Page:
If you manage to convince the court that the accident did not occur due to your negligence, you might face lower charges. You will not be responsible for the injuries sustained by the accident victims. Instead, you will only face DUI charges.
The Role of a Criminal Defense Attorney
Attorneys win cases all the time; there is the hope of winning your DUI-causing injury case. No DUI case is unwinnable as long as you have a skilled attorney to help you fight the charges. When you contact a criminal defense attorney, he or she will:
- Investigate your case, and identify all the weaknesses in the prosecutor’s evidence against you
- Investigate and determine whether the police conducted the arrest according to the law. The attorney will also determine whether the police violated any of your constitutional rights during the arrest.
- Review the breath and the blood tests or urine tests if applicable to ensure that the testing office conducted the test correctly. The attorney may check the Breathalyzer equipment to ensure that it is well-calibrated. An attorney will also ensure that the blood samples were handled properly to avoid contamination. By reviewing the testing procedures, your attorney will determine whether the test results are reliable.
- The attorney may also consider the victims' injuries to determine whether a felony charge is warranted.
- Your attorney may seek the assistance of an accident reconstruction expert to determine who was at fault in the accident.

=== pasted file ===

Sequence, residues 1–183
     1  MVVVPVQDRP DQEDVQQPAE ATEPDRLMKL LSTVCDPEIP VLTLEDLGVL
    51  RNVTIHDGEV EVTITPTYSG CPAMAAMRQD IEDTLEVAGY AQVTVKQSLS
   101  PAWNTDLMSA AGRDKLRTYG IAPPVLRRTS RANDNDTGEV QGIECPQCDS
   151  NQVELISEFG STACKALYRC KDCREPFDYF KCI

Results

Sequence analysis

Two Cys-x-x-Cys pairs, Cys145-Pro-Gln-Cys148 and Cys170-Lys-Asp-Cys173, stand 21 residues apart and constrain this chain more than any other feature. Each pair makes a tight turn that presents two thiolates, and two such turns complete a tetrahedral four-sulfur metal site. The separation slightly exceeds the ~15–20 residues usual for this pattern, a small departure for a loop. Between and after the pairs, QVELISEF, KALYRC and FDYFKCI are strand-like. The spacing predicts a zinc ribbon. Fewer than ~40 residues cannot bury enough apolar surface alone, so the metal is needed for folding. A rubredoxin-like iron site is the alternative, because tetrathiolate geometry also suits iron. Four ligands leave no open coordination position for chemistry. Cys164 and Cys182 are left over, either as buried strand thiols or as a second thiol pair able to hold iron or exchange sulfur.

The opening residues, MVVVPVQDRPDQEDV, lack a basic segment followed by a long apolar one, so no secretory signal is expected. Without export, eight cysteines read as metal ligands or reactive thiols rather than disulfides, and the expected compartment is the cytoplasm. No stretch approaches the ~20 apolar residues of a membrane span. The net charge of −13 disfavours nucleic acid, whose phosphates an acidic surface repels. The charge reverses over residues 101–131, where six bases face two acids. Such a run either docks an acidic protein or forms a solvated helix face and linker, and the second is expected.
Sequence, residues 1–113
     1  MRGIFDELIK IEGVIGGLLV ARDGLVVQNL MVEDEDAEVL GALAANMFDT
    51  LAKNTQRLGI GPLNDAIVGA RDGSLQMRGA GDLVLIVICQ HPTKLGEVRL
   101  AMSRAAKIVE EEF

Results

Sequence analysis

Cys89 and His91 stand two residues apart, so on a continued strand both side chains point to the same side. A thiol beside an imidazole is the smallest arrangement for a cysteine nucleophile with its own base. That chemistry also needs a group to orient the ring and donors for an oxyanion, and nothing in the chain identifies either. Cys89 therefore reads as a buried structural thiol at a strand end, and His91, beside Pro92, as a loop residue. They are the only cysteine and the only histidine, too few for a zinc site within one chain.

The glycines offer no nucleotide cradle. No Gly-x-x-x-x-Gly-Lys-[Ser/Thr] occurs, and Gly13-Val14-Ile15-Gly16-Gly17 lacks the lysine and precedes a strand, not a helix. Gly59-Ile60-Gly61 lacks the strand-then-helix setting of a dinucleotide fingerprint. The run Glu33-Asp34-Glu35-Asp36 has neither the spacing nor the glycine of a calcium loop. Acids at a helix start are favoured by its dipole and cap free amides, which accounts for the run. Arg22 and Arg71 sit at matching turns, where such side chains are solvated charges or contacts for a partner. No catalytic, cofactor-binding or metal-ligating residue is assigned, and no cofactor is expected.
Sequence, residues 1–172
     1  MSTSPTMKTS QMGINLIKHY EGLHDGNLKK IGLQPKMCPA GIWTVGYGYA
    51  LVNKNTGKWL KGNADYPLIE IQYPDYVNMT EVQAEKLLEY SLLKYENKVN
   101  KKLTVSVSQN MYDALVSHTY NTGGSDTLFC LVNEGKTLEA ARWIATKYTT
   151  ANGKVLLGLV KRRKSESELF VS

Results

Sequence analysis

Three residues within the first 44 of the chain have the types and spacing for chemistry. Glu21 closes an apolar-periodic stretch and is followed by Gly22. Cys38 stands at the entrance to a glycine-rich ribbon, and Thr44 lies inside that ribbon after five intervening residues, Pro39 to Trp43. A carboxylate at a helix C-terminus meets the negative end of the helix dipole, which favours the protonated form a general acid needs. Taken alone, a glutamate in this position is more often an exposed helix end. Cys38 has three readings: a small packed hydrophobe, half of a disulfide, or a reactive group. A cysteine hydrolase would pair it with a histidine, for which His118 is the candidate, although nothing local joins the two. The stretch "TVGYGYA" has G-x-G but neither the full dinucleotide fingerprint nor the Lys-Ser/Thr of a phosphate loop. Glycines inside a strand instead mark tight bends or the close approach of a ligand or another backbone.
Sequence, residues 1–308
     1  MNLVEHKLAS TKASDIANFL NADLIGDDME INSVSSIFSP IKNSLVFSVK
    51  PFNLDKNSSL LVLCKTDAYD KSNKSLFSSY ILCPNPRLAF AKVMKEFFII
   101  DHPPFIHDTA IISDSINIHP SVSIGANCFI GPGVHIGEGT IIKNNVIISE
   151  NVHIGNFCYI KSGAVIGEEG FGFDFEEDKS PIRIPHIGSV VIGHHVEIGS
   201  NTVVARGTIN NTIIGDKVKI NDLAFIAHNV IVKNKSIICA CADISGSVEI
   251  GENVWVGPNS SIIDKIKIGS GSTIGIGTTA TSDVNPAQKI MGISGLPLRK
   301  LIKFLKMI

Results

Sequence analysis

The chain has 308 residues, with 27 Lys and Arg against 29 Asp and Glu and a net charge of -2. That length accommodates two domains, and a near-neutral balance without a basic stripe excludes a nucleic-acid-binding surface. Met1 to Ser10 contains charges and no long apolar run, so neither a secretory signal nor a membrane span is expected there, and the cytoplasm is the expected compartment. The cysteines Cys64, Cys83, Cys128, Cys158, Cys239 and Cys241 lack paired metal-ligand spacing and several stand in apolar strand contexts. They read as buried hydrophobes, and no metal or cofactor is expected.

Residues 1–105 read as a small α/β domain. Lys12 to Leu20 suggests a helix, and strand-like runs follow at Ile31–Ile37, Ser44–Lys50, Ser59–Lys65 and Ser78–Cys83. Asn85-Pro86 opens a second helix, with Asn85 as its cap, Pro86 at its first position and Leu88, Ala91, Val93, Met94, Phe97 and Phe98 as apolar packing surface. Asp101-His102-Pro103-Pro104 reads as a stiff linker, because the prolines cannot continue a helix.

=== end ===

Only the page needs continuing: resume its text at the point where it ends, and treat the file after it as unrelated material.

The prosecutor faces a heavy burden of proof when charging a suspect with a DUI offense, causing injuries to others. It is not enough for the prosecutor to prove that you were under the influence and that another person suffered injuries. The prosecutor must also prove that you broke another law like running the red light or acting carelessly, leading to the accident. If the prosecutor cannot prove all these factors, he or she will have a weak case against you. If your attorney realizes that the police used unconstitutional means to gather evidence against you, he or she may file a motion to suppress evidence. This motion urges the judge to exclude all the evidence that was acquired illegally. The prosecutor may have no option but to offer you a plea bargain, charging you with a lower offense.
Find a Bakersfield DUI Defense Attorney Near Me
If you cause an accident while under the influence and other people suffer injuries, the consequences could be severe. You need an experienced criminal defense attorney by your side. Koenig Law Office has experienced criminal defense attorneys who provide reliable legal services in Bakersfield, CA. Contact us at 661-793-7222 to know more about how we can help you.